Another implication of zur Hausen’s discovery was the development in the late 1990s and early 2000s of vaccines that protect against the two types of HPV that cause most cervical cancers. Jane recognised, based on her work on HPV testing, that vaccinating young girls against HPV, a sexually transmitted infection, could be controversial for some and sought to understand the potential acceptability of HPV vaccines.

    One of Jane’s key studies in this area was conducted in 2005 before the HPV vaccine was licensed. The study aimed to explore mothers’ responses to information about the HPV vaccine. Jane and colleagues conducted a focus group study with 24 mothers of 8 to 14 year old daughters. The study found that most mothers were keen to prevent their daughters from developing cervical cancer, but they also had reservations about the safety and possible side-effects of the vaccine. Many mothers wanted to talk to their daughter about the vaccine and felt that this would be difficult if the vaccine was given to young children. Some felt that girls younger than 10 or 11 would not have had much, if any sex education and so discussing a sexually transmitted infection with them would be tricky. Others did not want to think about their daughter being sexually active and for this reason felt that they could not consider giving the vaccine to a 9 year old.

    “They’re innocent at 9. They don’t do things like that.”

     “It’s not thinkable is it, your 9-year-old doing anything like that?”

    Parents also expressed fear that HPV vaccination might be seen by girls as consent to be sexually active or fear that girls would misinterpret HPV vaccination as protection against sexually transmitted infections in general. Earlier work conducted by Jane and colleagues suggested that around a quarter of mothers and girls themselves believed that girls would be more likely to have sex or unprotected sex following HPV vaccination. However, reassuringly, in the first longitudinal study to look at whether girls’ sexual behaviour changed following HPV vaccination, we were able to show that vaccinated girls were no more likely to have become sexually active after vaccination (compared to girls who did not get the vaccine), to have increased their number of sexual partners or to have changed how consistently they used condoms.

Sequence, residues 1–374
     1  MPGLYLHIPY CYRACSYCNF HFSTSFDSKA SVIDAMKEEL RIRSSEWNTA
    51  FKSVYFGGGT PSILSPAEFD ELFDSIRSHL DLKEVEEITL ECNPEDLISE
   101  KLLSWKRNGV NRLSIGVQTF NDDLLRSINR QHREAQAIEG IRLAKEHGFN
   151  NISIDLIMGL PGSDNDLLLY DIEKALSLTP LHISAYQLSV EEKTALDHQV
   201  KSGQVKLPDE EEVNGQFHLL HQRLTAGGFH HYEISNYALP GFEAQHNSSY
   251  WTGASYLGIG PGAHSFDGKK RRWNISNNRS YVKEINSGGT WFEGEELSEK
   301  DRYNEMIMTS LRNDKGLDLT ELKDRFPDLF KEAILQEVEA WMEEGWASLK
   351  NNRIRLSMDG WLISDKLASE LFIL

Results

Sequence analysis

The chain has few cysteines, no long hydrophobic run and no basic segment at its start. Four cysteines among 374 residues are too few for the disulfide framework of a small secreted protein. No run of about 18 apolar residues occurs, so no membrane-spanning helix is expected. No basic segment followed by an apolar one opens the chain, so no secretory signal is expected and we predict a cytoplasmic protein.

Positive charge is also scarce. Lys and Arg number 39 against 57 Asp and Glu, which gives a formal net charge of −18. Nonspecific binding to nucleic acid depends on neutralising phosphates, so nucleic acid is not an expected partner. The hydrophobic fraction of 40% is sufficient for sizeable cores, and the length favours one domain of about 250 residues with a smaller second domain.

At the time of Jane’s initial research in this area, she and her team were one of only a handful of research groups internationally who were investigating the behavioural side of HPV vaccination and testing. Today, researchers across the world are applying behavioural science to understand how to maximise uptake of HPV vaccination in their own countries and to minimise the negative psychological consequences, and maximise the acceptability, of HPV testing. The work in our group continues, with projects aimed at understanding ethnic differences in uptake of HPV vaccination, exploring the psychological impact of primary HPV testing, and examining psychological responses to an HPV diagnosis in patients with head and neck cancer.

    Jane’s work paved the way for the introduction of the HPV vaccine in the UK in 2008, by helping immunisation programme coordinators anticipate its acceptability among parents. Jane’s finding that the HPV vaccine might not be acceptable to mothers if it were offered to girls younger than 11 informed the UK government’s decision to recommend the vaccine for 12 and 13 year olds. Today, almost 90% of 12 and 13 year old girls in England get the HPV vaccine, and with it protection against HPV-related cancers.